Sly Stone, swooping out of history like a glittery geriatric pterodactyl, gave his first public performance in nineteen years at the sometimes-luscious 48th Grammys, on this past Wednesday.
He was a sight, even a specter of soul. One of his hands was wrapped in white gauze as it massaged, most gingerly, a willing keyboard. (Too much street fighting, big daddy, we need your hands whole.) His hair, presumably not naturally that shade of corn-silk, was shocked out in a mohawk, and made some punk out of his funk. I’m told by someone who ought to know that his belt buckle, ever lustrous, spelt SLY. Whoa there, mister. I missed the buckle, pleasantly distracted by a space age trench coat that must have incited the jealousy of David ‘Stardust’ Bowie.
A catalogue of rockers floated around and basked in the dinosaur’s glow; their collective shenanigans were termed an “All-Star Tribute to Sly and the Family Stone.” Some fellow with two periods in his name was there, as was a young, British and blond Ms. Stone, a Maroon lad with a mauve waistcoat. The true faithfuls were the not-exactly-stars, diligent rockers who laid down the sound for the flashy-flasho crooners.
But for all the varied glitz, the performance was something of a disappointment. While Sly’s get-up hardly disappointed – it certainly gave Reuters something to talk about – but the singing, the jive, the mus-zak, the feeling wasn’t there. And that’s all the more reason to go back to the recordings and relive their finer moments. Here are a few to check out, with humbly proffered extension activities designed to heighten your listening experience.
1. Family Affair
I think I’ve finally figured out what makes this song so hot. Listen closely. Listen for the wobbles. I don’t know what they’re technically called, and besides, I’m quite sure that ‘wobble’ out-snazzes its jargon competitors. But part of the charm is Sly’s unabashed talking. He’s not really singing. He’s rasping along, going for some high-stuff and missing it. How many can carry that off whilst maintaining the cool? School them, Sly. Good for you, man.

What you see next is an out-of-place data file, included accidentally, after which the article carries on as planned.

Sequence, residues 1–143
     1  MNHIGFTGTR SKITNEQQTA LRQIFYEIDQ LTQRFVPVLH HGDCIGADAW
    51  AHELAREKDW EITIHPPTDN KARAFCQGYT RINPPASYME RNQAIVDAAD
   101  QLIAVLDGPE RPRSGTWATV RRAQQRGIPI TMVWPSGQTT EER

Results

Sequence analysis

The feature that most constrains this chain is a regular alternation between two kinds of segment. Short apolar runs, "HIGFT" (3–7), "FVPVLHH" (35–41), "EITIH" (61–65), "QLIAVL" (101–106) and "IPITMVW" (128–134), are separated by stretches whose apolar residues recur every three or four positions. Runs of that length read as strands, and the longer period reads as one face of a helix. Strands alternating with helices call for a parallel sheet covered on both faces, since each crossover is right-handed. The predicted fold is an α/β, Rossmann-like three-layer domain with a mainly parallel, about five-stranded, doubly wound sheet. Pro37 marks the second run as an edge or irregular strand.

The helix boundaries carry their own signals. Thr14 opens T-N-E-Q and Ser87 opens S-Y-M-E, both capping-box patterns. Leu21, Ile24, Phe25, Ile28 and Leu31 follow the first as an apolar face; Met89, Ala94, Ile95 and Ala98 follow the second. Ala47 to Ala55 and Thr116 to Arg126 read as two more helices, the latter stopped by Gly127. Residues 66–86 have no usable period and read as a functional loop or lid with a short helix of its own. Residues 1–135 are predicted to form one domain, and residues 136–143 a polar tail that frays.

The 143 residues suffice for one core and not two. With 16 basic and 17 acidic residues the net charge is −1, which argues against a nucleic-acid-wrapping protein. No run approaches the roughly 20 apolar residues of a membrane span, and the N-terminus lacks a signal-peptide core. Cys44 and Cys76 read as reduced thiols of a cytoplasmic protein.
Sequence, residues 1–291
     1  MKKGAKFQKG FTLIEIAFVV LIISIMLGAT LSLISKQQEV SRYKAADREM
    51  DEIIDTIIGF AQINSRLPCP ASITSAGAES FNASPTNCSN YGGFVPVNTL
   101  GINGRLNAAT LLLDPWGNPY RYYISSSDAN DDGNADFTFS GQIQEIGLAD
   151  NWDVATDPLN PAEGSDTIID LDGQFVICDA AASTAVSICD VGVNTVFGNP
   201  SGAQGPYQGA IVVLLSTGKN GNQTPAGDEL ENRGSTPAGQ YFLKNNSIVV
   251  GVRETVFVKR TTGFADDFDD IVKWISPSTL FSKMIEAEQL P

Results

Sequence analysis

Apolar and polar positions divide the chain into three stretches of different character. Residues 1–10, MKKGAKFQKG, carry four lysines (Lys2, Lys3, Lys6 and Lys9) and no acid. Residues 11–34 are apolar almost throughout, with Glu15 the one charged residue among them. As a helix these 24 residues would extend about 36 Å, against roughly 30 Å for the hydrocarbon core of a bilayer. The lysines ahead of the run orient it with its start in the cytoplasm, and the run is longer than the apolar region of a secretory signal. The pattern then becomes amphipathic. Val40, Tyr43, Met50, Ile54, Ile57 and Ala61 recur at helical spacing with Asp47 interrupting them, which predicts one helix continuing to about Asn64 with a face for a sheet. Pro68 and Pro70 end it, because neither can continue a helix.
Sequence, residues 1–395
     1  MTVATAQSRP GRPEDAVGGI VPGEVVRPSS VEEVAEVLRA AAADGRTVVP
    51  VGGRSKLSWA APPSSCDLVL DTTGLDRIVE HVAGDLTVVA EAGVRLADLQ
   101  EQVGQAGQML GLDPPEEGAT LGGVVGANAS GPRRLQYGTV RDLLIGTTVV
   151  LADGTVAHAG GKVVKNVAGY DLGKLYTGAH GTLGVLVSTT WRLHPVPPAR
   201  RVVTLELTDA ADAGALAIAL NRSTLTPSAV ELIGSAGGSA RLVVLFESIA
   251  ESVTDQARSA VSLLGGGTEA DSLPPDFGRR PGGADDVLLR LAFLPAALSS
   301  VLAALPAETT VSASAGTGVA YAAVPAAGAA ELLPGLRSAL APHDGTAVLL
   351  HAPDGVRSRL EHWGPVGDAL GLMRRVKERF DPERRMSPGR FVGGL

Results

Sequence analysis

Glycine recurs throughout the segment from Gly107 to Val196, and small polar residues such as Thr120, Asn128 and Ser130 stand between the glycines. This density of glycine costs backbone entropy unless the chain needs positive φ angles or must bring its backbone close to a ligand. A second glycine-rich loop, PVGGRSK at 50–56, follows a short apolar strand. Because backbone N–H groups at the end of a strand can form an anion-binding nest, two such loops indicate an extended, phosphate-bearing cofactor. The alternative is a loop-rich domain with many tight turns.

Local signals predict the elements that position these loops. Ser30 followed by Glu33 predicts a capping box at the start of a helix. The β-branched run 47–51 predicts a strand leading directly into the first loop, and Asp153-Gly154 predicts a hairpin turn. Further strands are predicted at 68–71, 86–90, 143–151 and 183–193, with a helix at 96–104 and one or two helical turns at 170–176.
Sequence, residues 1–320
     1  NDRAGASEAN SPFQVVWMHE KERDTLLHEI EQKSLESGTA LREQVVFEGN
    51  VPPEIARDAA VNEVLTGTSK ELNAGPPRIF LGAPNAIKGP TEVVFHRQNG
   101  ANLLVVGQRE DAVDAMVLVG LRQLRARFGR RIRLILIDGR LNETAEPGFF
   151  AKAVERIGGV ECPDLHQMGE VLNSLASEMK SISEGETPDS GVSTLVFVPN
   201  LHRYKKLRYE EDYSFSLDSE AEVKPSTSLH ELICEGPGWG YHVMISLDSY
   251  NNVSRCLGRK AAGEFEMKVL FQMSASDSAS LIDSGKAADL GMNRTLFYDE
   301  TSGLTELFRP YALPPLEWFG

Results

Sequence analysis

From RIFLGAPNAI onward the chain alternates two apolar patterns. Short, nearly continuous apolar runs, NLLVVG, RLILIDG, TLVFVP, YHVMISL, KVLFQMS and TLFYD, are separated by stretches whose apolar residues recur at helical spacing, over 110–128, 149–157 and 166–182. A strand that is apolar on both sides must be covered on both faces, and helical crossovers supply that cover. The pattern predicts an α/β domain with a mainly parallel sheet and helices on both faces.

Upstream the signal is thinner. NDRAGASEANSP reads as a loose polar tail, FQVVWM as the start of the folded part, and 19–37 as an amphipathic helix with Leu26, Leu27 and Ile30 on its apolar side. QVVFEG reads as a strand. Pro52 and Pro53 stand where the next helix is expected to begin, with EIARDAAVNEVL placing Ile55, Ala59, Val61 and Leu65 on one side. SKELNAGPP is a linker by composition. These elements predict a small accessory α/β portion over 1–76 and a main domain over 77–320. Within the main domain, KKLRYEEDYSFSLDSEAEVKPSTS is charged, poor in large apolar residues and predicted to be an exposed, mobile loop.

Just for kicks: Take your stereo outside with bubble solution and bubble wand. Blow a bubble every time you hear a wobble you like.
2. Everyday People
A confession: I am a sucker for societally responsible music. But even if the activism latent in ‘Everyday People’ (which is more deliciously socialist than ‘Imagine’) doesn’t quite do it for you, the sound isn’t half-bad. It’s superb, really.
Listen for: “We GOT to LIVE toGETHER!” Soul music garners serious stripes from such emotional bits and bobs. Also savor: the usage of “scooby-dooby-dooby”
Activity: Check out Timmy Thomas’s moody and moving “Why can’t we live together.”
3. Hot Fun in the Summertime
This song, hardly Sly’s best, still has that catchy, addictive quality that drives short-term affection. Subject matter is apt, because my listening experience – now serious, now tempestuous – has been following the prototypical summer fling discursive arc, summer flings not exactly being my line of business.
Anyway, the thing has been my main squeeze for the past week and a half. Real highlights are the simple beginning (as they always are for such affairs: ‘Is this your beach ball, miss?”) – and the parallel ‘end of the Spring/first of the Fall’ with its offbeat rhythm (notes sound eerily like The Association’s “Never My Love,” but less lugubrious).
Activity: Have a Winter Fling, if such a thing is possible.
4. Thank You (Falettinme Be Mice Elf Agin)
Spelling. ‘Orthography.’ Double bah. Express yerself. And take in the wisdom nugget:
Many men are missin’ much
Hatin’ what they do
Youth and truth are makin’ love
Dig it for a starter, now
Dyin’ young is hard to take
Sellin’ out is harder
This baby’s got attitude, saxophones, and some distinctive scatting – someone’s doing something with cheeks and nasal exhalations. Excellent company for a jog, especially just as the heavy-breathing sets in, as excellent as for breathless dance parties celebrating soul. Of course, one might also add to that playlist the boogie-appropriate “Dance to the Music,” also a product of Sly and his entourage, but it’s overplayed and is not as groovy. Groove-points are rather important, one must admit.
Activity: Come up with your own groove-scale and complete a self-evaluation. Let’s make Princeton groovy.
5. If You Want me to Stay
Of this small lot of Sly Stone stuff, this is the most mature sound. That established, the real reason you should listen to it is for the scream that follows, “get this message over to you now,” about 1:50 into the song. The intro plays out rather nicely too: wobbles, some downright sultry strains, and edgy, surly vocals. All in all, a good end to a mini-Sly-fest.
Activity: Decide if you’d like to make a token contribution to the Stone’s vast fortune, or if you’d prefer to mooch listening time off my shared I-tunes 🙁
Alright, after all of that, I won’t lie to you. I won’t assure you that the glittery pterodactyl, Mr. Sly, made the best soul. He was good. He was fun. But he made an unfortunate friend in cocaine. Much of what he could have been is mere speculation. But I’m thankful for “Family Affair.” I’m thankful for the lyrics of “Everyday People” and its insistence, “We got to live together.” I’m thankful for his “Hot fun” summer fluff, for his wobbles and screams. He and his clan are good stuff. Give ‘em a listen. And welcome back, Sly.